Hyderabad-based Medvarsity recently launched two certificate courses to tackle this burgeoning problem. Medvarsity’s certificate course in Mental Health is aimed to equip therapists, psychiatrists, and doctors with comprehensive knowledge of the subject, while the Certificate Course in Anxiety Disorder focuses on how counseling, therapy, and medication help the patients of various anxiety disorders.
“If we speak about mental health education in India, there’s only 10-12 hours of content that is taught in MBBS over 5 years, while in the UK, it is about 250 hours. There is a difference in commitment to mental healthcare to enable the clinical workforce to understand that ‘a sound mind means a sound body’. Speaking about our courses, over 6,000 doctors, educators, nurses, medical interns, and healthcare professionals have completed it, since its launch in June. These courses are put together by a specialised faculty management team consisting of a group of key opinion leaders, course directors, and other content developers,” shared Gerald.
Rise in the Number of Startups
A slew of startups like InnerHour are deploying technology to deliver psychological wellness, helping ease issues of accessibility and affordability. By way of video-based online therapy and counselling sessions, the startup aims to tackle mental health issues like depression, stress, sleep disorders and anger-related problems.
“There is a tremendous amount of content and engagement – we have witnessed a whopping 700k views on our content in the last few months in these Covid times. Our self-care app offers self assessments, a mood tracker, goal setting, psychological activities, resources, a relief chatbot and personalised plans for emotional health in different areas of mental health,” added Dr.Amit.
In addition, InnerHour has created a lockdown-specific pro bono programme that is being offered to healthcare workers, frontline agencies and corporates. They have also added several free short courses on the app addressing concerns that would be particularly relevant at this time, such as health anxiety, working from home, parenting, and loneliness.
“We have on-boarded some leading healthcare brands, in addition to over 60 corporates. This programme offers institution-wide assessments to identify areas of concern and targeted action plans that consist of free access to our self-help app, therapy sessions with qualified therapists and webinars on topics/areas relevant to the organisation.
We’ve also added more conversations in our relief bot so that it can offer support to patients with COVID, loved ones of those who are afflicted, healthcare workers, and employees working from home,” expressed Amit, adding that they have had over 10k people on their app every day over the last few months, with a rise of 65% in therapy sessions across 7 local languages.
A pioneer in this space, ePsyClinic – India’s first online mental portal (primarily chat and call-based support) was founded by Shipra Dawar in 2015 to create a voice around mental health. In the last few years, they have garnered a community of over half a million people.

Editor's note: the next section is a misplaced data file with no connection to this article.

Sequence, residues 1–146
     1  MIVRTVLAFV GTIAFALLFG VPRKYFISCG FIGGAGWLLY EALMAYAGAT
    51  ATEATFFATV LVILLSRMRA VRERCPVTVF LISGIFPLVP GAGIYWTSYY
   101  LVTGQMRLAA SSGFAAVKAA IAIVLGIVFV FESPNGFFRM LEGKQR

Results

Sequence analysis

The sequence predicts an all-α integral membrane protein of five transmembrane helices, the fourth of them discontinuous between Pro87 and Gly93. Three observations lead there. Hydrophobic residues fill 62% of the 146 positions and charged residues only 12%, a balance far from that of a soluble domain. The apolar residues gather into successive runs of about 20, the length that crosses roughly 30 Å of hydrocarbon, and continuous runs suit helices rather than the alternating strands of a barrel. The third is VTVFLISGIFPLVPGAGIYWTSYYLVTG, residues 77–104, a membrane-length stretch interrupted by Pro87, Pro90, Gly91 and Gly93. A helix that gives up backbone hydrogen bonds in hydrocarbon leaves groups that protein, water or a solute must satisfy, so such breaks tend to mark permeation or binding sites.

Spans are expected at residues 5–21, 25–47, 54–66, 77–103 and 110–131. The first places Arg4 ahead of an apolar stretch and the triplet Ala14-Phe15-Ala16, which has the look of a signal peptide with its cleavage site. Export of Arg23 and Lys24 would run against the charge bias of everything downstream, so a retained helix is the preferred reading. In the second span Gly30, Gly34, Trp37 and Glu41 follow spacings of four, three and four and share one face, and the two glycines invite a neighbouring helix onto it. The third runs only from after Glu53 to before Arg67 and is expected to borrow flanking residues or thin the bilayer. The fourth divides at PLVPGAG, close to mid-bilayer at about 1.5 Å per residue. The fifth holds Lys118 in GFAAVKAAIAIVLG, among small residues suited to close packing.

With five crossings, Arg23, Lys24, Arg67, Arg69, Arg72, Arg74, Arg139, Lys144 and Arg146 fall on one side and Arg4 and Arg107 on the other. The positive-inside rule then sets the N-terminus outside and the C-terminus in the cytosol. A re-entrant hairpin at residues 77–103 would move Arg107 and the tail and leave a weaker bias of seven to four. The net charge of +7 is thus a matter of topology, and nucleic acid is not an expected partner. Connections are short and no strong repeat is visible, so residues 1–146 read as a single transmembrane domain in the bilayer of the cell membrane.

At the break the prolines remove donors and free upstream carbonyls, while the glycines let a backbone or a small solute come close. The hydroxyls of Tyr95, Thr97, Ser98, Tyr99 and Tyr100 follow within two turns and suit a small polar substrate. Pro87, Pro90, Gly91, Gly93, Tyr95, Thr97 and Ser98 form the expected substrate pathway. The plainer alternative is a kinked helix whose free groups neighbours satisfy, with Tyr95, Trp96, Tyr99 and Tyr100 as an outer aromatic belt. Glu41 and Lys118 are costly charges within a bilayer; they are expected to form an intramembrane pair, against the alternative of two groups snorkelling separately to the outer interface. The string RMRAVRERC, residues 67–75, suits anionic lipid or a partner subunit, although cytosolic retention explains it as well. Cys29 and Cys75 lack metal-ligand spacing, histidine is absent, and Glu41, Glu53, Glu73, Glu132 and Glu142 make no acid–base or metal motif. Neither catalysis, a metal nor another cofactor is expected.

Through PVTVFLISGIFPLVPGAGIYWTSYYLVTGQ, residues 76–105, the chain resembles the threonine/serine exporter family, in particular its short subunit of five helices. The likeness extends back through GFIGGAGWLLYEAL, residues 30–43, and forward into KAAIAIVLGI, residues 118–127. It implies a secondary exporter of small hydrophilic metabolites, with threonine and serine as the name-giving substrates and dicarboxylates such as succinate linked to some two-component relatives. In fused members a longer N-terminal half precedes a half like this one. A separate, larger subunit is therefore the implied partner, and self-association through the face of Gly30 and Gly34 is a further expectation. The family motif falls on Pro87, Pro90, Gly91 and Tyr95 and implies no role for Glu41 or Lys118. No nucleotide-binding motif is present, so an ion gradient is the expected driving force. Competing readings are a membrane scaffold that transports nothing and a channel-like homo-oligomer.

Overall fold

She has also created the world’s first structured therapy application, IWill t+herapy, to provide solutions to mental problems.
“We have witnessed more than 10k paid therapy programs on IWill, only in the last 1.5 years. During Covid-19, we have made services completely free on ePsyClinic, after we were funded by ACP Grants. In fact, we have seen more than 85k people taking help on ePsyClinic in the last two months, and I feel that has been possible due to our partnerships with Rajasthan, Haryana, Maharashtra and Karnataka governments, and also our association with large unicorns like Swiggy, Zomato and Urban Company,” shared Shipra with TBC.
What Lies Ahead?
Paltry budgetary support and lack of implementation of policies on the ground are other problems that are ailing the mental health industry.
The budget allocated to the National Mental Health Programme (NMHP) in 2019 was decreased to Rs 40 crore from Rs 50 crore in the previous year, estimated to be only 0.05 percent of the total healthcare budget. The average allocation for mental health in developed countries is at least five percent. Even in 2020, the mental health budget did not see a difference, though there was a seven percent spike in the funds allocated for healthcare.
The need of the hour is to implement the Mental Healthcare Act, 2017 that promises mental health care to all and introduces a suicide prevention policy. According to research, many countries including China have been able to significantly reduce suicides after a suicide prevention policy was implemented.
Experts believe that the Covid-19 pandemic is likely to accelerate investments in the sector, which is even more critical for a country like India.
“There is a need for more investments to scale mental health platforms, just like how it has been with a Swiggy or Zomato. Governments have also woken up to the mental health crisis, and I believe the requisite steps will be taken going forward. There is no dearth of professionals I feel, but there is a paucity of specialised platforms, where you can get them together, and that will only happen once investments begin to pour in. Lastly, once the Mental Healthcare Act comes into play, insurance will ensure that the affordability problem is erased, and that’s going to solve a huge problem,” shared Shipra.
A mental health pandemic is in the offing, but experts believe a holistic approach to mental health will help to absolve the stigma and promote accessibility.
(Edited by Anu Choudary)